The pre-Cowley Road Carnival warm up event to be seen at last night was a gig at ‘The Bully’ (one of Oxford’s leading venues) by fresh-from-Glastonbury Australian band, Formidable Vegetable Sound System. I’m not sure if its the world’s first permaculture rock band – but its certainly the first I’ve come across. The event was a fundraising gig for the Barracks Lane Community Garden. What fun it was. Packed out, the event raised over £600 on a sultry summer evening with a local ukulele band in support and a reggae session before the main act. Hard to describe the mixture of influences but when I went down early to help set up, Charlie the lead described it as ‘..mashing together speakeasy electro-swing style wonk and live ukulele quirk with a side serving of radish beets..’
It was certainly quirky , but the message was spot on with more songs about composting that I could have imagined possible, plus others on permaculture, the end of the fossil fuel culture, waste and recycling (!) and the creative uses of marginal spaces. Funny, relevant, inventive, and not nearly as serious as the subject matter suggests, Formidable Vegetable Sound System apparently were a hit at the Glastonbury Green Field and I can see why as they turned sustainability into an epic dance floor sensation for the 100 plus who turned out to see them. With further stops in Suffolk, London, Bristol and Ireland amongst others in the next few weeks before their ‘world tour’ moves on to Canada and the USA, its worth the effort to check them out.
A Sunday afternoon in Headington, Oxford at the invitation of Low Carbon Headington’s garden group to discuss composting and generally trouble-shoot. Ten eager composters and plenty of informed questions. Debates around the relative advantages of ‘daleks’, rotating bins and the wooden slatted variety. Host Cathy came up trumps by having examples of all three in use in her garden as well as a leaf-mould bin made from wire netting. Most surprising question? The use of seaweed in compost. Well yes it has its place as organic material, but lets face it Oxford is about as far as you can get from the sea in the UK or does this low carbon group know something about global warming and imminent sea level rises that the rest of us don’t? A tour of Cathy’s great selection of composting technologies was rounded off with tea and home-made cakes – none containing carrageen.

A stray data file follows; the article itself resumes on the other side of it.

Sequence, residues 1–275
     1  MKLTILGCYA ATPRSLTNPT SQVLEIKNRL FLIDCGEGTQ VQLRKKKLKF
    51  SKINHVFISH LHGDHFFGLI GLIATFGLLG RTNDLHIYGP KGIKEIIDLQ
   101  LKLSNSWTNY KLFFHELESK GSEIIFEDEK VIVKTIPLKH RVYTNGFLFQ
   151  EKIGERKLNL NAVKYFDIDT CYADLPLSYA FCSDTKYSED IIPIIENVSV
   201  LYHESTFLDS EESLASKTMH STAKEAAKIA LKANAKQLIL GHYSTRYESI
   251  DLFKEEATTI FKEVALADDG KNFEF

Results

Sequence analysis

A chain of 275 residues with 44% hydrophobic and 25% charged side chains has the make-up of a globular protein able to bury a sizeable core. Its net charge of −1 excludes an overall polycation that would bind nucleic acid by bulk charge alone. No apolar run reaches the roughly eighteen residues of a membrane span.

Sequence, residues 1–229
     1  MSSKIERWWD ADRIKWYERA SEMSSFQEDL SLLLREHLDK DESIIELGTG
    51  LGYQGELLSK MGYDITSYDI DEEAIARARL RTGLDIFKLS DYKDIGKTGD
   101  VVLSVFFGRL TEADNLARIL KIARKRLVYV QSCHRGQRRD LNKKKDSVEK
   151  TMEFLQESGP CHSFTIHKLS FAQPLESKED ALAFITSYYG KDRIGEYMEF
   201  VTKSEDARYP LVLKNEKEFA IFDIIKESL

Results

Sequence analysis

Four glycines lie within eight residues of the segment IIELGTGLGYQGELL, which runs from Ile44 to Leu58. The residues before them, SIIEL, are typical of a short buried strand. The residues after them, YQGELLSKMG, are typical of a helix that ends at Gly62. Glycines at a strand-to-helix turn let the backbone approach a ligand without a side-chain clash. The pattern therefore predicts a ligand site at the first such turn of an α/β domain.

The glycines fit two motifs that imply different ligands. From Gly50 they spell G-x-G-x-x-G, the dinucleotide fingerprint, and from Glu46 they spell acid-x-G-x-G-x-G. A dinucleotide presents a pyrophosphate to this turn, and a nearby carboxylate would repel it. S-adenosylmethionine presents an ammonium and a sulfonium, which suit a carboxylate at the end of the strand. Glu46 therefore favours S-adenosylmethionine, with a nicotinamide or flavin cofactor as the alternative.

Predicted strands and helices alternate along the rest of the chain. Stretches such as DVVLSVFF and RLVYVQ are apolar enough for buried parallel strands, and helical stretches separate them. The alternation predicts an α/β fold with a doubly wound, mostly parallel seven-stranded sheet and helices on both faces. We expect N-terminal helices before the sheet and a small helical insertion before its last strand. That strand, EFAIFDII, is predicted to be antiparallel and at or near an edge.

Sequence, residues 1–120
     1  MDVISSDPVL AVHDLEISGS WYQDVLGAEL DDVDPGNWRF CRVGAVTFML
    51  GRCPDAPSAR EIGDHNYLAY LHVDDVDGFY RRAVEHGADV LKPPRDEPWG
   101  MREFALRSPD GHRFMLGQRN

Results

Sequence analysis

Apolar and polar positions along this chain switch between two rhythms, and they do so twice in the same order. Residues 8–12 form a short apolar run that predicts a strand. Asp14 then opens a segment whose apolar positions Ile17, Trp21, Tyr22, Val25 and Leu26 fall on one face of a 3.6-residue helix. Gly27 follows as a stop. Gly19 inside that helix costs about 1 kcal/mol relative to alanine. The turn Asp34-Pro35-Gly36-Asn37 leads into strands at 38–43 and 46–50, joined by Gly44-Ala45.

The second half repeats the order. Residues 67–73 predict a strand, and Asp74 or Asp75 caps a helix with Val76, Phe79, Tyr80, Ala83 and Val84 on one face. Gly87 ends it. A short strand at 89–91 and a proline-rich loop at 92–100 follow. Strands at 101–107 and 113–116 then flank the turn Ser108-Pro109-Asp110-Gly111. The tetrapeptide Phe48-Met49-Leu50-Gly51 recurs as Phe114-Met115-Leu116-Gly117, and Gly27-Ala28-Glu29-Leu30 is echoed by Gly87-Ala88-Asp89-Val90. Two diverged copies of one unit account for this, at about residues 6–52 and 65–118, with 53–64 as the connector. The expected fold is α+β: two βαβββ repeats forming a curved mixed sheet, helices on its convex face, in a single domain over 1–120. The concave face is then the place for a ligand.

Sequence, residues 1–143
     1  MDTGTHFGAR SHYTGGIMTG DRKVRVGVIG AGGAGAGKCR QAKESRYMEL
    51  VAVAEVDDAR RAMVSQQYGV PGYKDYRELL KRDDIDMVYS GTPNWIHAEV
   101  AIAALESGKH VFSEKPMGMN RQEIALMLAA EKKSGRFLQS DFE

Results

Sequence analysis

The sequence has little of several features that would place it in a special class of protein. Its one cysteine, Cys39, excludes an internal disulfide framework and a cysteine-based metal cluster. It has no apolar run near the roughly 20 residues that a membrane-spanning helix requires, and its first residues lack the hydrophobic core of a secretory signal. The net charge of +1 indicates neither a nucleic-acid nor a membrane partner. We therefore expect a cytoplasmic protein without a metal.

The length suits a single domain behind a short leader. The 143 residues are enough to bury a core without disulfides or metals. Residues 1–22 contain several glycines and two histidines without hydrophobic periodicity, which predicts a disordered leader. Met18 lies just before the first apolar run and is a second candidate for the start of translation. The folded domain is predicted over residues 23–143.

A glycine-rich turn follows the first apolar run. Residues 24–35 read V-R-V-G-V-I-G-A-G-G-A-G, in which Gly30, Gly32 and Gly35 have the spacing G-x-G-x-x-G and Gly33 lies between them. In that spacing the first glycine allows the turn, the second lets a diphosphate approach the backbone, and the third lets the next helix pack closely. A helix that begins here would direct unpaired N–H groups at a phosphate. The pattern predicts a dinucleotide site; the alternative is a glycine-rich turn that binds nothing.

I’ve commented in earlier posts on just how wet my allotment has been. It hasn’t been confined to my plot. The whole site has suffered in the past 18 months. Apart from the obvious – its rained a lot, there has be quite a bit of puzzlement as to just why it has been so bad, with plotholders resorting to the construction of deep channels around and across allotments and months of suffering flooded plots and lost crops. The conclusion has been that the 100 year old clay land drains in the area have either got blocked by tree roots or similar, or crushed in nearby construction work and no longer function. Either way the result has been severe flooding on the allotments as water has drained down the hill.
Now, bless them Oxford City Council Parks Department have spent four days on site installing a new one. The risk has been that in running it across my orchard plot to reach the existing access and drainage system, quite a few trees would have to go, or be significantly damaged. I’ve taken a deep breath and recognised that this was for the greater good, including mine. But the line of the pipe is actually parallel to the allotment boundary and straight through the very scrubby hedge at the back of the plot. In the process of connecting to the Bartlemas hamlet pond the Parks Dept staff have selected a route that misses all my trees. Brilliant! And in a charming example of the new thriftiness in local government, the sump is a recycled wheelie-bin (see picture). Fantastic!
The work is now complete and far from causing lots of grief, it has opened up several opportunities. The hedge will need to be replaced and the plan is to plant hazel the whole way along and coppice it for pea and bean sticks. Although it will involve quite a bit of hard work in clearing the old hedge line roots and parts of the hedge that have been ‘stranded’ in the orchard by the line of the new drain, the work has opened up such a large new space, that it looks as if there will be room for three, possibly four new trees in the orchard. I’ll let you know what I plant.